Did you know that any garden site that only gets two hours of direct sunlight can grow vegetables? Also, any garden that gets dappled shade throughout the day with no direct sunlight can produce vegetables. If you’re looking for vegetables that grow in shade, look for ones that you grow for your roots and leaves because these are your best choice. Some examples of vegetables that grow in shade include cabbage, lettuce, spinach, and more. There are also fruiting vegetables that grow in shade, and you can adapt some vegetables to grow very well in dappled shade with a little work. The challenge lies in finding the best vegetables to match your conditions, and this can take a little research on your part.
No matter if you have light shade, partial shade, or dappled shade, you don’t have to give up on your dream of having a full harvest throughout the summer and fall months. I’ve done the research for you, and I’ve put together a list of vegetables that grow in the shade. You can easily mix and match your vegetables that grow in shade to maximize your harvest and grow things the entire family likes. Take a look at the list and decide which ones will do best in your own garden this coming year.
People grow carrots for the sweet roots on the plant, and this is a very easy vegetable that grows in shade. There are dozens of different carrot varieties available that come in a whole host of shapes, colors, and maturity times that it’s easy to pick out the one that suits your timeline and needs. You can get light yellow and orange to dark red and purple varieties. To plant them, you directly sow the seeds in an area that gets full sun to partial shade. They will take longer to mature and grow smaller in the shade, but you’ll get a sweet crop. You can harvest your carrots in 30 days for baby carrots or 60 days for fully mature ones, and you can eat them at any size.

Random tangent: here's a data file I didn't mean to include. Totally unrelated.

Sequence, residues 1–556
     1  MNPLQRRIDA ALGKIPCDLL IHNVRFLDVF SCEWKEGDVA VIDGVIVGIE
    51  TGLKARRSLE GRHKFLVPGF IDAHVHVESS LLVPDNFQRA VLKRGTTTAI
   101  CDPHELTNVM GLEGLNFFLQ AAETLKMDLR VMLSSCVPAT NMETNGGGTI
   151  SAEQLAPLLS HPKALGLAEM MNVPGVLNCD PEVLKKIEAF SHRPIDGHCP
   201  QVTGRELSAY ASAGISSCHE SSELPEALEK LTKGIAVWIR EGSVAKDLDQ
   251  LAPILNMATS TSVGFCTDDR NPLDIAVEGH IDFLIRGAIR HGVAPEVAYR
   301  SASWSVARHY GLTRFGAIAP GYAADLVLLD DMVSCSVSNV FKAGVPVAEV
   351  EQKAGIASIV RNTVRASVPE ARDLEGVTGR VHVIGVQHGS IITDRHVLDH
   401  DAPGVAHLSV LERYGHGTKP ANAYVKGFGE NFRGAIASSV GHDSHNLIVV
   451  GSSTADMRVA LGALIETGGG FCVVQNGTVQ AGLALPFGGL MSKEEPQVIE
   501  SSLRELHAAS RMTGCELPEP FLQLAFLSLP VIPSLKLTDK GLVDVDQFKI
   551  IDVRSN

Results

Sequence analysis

Carrots by Lennon Day-Reynolds / CC BY-NC 2.0
As far as vegetables that grow in shade go, Mizuna is a Japanese green that will give you a slight mustard flavor with a bitter taste. It grows best in cooler weather, and it slows down in hot conditions. Growing it in the shade will give you a generous crop in the summer. You get lobed leaves that do well in mixed salads, and the leaves are crisp enough to survive stir-frying. You can start it from seed indoors, sow it directly, or plant transplants in your garden to start it. Harvest the baby greens in 20 days and the mature heads at 50 days. Cut the head at soil level when it matures and cut the younger leaves when they’re around three inches out of the ground.